• Robert Woodward Barnwell (1801-1882): U. S. House of Representatives 1829-1833; U. S. Senate 1850.
    Born in Beaufort, Robert Woodward Barnwell was the son of Robert Barnwell. Educated at the Beaufort College and with highest honors at Harvard, Barnwell served as United States Representative from 1829-1833. He became the third president of the South Carolina College in December of 1835 and served until 1841. His later years were spent as a planter in Beaufort, where he involved himself in local issues. He served a brief term in the United States Senate from June to December of 1850. Although he was had opposed California’s admission to the Union, Congressman Barnwell graciously presented the credentials of that state’s first senator, John Charles Fremont (1813-1890). At the convention of seceding Southern states, Barnwell cast the deciding vote for South Carolina to elect Jefferson Davis president of the Confederate States of America. He was a signer of the Confederate constitution. Robert Woodward Barnwell served in the Confederate States Senate from 1861-1865. After the war, Barnwell returned to his devastated properties. He was faculty chairman at the University of South Carolina (1866-1872) and (1872) manager of a private school for girls. In 1877, Governor Wade Hampton appointed Barnwell librarian of the University of South Carolina. Robert Woodward Barnwell died in Columbia, but was buried in the churchyard of St. Helena's Episcopal Church in Beaufort.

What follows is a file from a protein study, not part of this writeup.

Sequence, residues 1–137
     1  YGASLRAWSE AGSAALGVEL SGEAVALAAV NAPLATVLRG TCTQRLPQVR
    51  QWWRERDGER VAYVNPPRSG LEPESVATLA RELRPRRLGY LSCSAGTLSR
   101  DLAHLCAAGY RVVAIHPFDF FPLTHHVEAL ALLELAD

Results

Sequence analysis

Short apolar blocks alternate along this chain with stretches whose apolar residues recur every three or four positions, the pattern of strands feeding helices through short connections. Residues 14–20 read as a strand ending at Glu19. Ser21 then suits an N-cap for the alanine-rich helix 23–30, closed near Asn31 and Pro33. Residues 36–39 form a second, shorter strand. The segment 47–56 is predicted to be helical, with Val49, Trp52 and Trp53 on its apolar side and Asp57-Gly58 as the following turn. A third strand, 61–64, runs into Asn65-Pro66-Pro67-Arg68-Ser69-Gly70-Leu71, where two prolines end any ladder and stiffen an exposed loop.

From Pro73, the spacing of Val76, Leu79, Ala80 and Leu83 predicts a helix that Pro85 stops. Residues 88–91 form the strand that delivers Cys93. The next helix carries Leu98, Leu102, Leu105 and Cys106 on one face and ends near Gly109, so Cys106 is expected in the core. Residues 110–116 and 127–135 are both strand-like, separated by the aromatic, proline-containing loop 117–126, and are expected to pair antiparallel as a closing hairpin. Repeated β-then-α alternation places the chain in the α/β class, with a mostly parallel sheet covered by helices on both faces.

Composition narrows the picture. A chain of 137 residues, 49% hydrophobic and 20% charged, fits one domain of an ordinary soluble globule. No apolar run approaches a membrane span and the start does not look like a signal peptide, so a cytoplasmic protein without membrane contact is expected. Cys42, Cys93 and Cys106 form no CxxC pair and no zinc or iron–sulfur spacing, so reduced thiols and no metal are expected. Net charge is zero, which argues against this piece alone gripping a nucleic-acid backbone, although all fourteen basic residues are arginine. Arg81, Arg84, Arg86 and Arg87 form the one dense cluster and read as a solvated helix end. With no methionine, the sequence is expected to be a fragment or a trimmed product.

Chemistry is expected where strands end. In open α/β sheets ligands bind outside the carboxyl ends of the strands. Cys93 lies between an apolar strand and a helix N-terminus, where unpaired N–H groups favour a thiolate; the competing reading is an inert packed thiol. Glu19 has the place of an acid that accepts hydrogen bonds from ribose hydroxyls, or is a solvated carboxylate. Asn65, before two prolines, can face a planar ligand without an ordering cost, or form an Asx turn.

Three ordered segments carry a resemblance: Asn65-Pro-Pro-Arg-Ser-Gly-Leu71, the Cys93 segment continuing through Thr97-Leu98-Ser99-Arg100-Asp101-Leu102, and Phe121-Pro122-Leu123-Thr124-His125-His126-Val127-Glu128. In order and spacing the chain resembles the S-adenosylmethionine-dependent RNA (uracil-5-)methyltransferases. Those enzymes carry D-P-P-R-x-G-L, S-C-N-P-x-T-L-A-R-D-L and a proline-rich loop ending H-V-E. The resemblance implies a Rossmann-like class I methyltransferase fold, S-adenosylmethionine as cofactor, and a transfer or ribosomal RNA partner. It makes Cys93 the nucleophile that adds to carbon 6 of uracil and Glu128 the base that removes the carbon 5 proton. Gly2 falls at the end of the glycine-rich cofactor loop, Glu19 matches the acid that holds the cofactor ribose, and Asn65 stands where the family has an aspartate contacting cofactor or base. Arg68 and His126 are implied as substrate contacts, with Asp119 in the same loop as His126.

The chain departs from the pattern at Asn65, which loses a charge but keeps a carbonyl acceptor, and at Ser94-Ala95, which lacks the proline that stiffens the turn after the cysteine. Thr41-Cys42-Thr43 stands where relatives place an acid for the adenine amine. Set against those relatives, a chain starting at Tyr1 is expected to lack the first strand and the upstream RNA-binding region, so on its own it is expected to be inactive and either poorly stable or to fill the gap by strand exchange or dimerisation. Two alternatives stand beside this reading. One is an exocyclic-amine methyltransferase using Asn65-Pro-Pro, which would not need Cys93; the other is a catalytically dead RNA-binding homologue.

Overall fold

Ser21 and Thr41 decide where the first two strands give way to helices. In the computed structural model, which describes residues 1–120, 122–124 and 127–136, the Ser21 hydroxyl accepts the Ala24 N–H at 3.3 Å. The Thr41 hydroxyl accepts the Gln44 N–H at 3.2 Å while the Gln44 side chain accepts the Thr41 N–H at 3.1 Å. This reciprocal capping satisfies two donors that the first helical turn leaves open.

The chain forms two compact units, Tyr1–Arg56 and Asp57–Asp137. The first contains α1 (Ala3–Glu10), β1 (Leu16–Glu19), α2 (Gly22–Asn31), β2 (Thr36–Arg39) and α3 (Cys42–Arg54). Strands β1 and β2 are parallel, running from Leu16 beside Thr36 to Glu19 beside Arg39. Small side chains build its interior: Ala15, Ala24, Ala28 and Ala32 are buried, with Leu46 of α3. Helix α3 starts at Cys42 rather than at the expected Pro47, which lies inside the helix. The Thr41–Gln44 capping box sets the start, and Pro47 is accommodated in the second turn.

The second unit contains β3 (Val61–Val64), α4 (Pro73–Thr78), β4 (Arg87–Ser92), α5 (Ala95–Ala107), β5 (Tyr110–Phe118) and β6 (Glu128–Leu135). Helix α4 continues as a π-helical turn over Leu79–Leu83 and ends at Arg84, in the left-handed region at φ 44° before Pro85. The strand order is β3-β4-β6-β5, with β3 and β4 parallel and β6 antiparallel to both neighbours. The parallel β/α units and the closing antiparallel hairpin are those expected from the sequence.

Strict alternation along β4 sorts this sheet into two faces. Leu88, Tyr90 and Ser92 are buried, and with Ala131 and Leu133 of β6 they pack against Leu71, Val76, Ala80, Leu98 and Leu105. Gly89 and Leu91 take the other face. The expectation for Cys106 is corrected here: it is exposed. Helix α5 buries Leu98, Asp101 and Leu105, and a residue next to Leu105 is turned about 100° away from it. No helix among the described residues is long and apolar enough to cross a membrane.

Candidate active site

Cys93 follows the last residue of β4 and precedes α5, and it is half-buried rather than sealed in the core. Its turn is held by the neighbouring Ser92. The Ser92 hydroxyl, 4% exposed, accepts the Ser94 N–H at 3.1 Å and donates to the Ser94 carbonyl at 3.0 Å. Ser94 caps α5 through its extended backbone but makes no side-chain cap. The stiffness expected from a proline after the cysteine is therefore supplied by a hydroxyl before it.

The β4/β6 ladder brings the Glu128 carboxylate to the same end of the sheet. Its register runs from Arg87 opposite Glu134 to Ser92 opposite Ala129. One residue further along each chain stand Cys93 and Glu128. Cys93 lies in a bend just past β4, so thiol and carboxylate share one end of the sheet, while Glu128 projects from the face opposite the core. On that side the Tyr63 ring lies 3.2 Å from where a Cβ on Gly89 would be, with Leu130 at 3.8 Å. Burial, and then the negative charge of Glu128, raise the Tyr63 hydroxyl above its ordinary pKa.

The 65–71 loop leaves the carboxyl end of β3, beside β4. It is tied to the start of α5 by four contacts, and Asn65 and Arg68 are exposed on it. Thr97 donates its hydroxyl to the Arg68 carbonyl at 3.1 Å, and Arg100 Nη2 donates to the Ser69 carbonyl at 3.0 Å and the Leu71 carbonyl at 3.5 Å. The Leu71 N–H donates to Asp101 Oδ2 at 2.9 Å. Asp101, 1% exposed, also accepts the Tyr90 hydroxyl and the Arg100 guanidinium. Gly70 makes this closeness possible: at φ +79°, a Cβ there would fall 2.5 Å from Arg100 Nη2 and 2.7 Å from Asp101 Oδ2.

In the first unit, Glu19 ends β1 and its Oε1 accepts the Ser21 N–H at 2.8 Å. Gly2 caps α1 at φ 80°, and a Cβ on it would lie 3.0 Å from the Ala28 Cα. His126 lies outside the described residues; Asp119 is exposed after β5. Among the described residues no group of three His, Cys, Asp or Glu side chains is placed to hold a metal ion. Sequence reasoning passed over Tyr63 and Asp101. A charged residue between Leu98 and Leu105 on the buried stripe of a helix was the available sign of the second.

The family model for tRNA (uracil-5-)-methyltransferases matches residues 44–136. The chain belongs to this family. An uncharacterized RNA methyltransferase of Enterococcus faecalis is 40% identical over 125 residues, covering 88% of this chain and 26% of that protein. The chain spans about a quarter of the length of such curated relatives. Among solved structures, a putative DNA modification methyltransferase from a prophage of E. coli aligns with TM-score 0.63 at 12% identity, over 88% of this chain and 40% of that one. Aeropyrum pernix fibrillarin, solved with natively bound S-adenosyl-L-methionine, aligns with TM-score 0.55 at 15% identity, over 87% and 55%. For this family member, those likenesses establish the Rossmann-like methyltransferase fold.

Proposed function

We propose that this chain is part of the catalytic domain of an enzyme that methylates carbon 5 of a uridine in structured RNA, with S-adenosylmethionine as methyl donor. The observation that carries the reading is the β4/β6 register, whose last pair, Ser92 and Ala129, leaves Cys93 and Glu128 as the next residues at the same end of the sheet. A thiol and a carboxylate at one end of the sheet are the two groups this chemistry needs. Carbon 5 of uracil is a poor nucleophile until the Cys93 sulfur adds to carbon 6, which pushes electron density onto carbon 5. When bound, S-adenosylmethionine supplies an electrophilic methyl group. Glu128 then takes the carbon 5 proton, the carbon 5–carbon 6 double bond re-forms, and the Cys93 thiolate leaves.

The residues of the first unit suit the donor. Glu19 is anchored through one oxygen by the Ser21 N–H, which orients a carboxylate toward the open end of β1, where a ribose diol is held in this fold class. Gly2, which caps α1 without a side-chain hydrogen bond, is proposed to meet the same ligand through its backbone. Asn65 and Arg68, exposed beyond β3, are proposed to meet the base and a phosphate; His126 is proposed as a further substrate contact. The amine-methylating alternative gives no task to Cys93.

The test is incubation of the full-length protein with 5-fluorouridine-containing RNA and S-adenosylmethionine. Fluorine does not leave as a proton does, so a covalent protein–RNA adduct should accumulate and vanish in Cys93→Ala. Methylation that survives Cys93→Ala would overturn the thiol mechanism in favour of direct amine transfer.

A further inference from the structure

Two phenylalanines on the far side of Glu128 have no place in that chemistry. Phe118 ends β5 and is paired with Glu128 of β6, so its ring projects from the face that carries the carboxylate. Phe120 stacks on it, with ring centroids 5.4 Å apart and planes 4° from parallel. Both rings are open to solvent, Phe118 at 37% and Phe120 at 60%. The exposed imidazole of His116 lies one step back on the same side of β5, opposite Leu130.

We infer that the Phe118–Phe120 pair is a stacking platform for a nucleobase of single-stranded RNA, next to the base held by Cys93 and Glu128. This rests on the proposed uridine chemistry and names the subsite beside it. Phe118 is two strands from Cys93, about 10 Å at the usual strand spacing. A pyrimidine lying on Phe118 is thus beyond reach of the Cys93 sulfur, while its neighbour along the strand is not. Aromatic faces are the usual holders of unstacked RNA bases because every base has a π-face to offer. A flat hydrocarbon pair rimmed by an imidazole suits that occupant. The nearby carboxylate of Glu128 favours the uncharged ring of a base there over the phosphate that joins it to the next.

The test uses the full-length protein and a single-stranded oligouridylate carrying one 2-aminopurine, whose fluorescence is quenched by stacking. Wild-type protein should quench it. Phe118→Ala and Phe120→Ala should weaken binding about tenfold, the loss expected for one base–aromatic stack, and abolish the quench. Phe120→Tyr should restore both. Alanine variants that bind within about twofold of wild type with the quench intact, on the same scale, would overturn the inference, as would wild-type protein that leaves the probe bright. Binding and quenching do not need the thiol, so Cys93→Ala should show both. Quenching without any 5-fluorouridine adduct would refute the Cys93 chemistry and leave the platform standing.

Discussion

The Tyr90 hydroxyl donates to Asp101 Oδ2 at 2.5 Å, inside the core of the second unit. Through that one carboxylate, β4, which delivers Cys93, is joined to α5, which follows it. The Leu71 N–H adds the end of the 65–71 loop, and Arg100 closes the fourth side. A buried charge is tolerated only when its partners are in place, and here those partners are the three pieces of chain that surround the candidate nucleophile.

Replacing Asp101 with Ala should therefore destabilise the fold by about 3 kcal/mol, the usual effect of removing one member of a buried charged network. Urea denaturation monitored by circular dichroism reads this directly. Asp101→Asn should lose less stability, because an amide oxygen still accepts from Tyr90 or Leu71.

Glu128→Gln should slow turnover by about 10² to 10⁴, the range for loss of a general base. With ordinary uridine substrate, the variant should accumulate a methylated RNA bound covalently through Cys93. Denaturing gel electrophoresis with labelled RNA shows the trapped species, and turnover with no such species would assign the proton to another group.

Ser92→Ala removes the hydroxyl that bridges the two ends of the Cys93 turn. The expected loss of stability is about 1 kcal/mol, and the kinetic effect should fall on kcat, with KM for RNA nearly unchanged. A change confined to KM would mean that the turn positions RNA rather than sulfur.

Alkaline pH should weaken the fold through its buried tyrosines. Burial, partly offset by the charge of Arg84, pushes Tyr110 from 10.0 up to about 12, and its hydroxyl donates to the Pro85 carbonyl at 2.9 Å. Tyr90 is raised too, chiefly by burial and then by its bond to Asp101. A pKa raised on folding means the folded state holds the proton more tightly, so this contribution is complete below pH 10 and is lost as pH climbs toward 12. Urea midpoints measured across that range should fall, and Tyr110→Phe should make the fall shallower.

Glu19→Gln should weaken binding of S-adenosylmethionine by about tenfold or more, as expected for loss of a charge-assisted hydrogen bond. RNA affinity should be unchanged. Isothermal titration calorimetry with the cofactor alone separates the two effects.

• William Ferguson Colcock (1804-1889). Democrat. U. S. House of Representatives 1849-1853.
    Colcock as born in Beaufort, but attended Hulburt's School in Charleston. A law student at the University of South Carolina, he started his practice and his activities as a planter in Coosawhatchie (then Beaufort County, but presently Jasper County) after upon admission to the bar in 1825. From 1831-1848, he was a member of the South Carolina State House of Representatives and was elected to the Thirty-first and Thirty-second United States Congresses (1849-1853). William Ferguson Colcock subsequently served a a Regent of the Smithsonian Institution (1850-1853); as port collector in Charleston (1853-1865, under the Confederate government after the fall of Fort Sumter); after which offices he began his law practice again in McPhersonville (then Beaufort County, but presently Hampton County).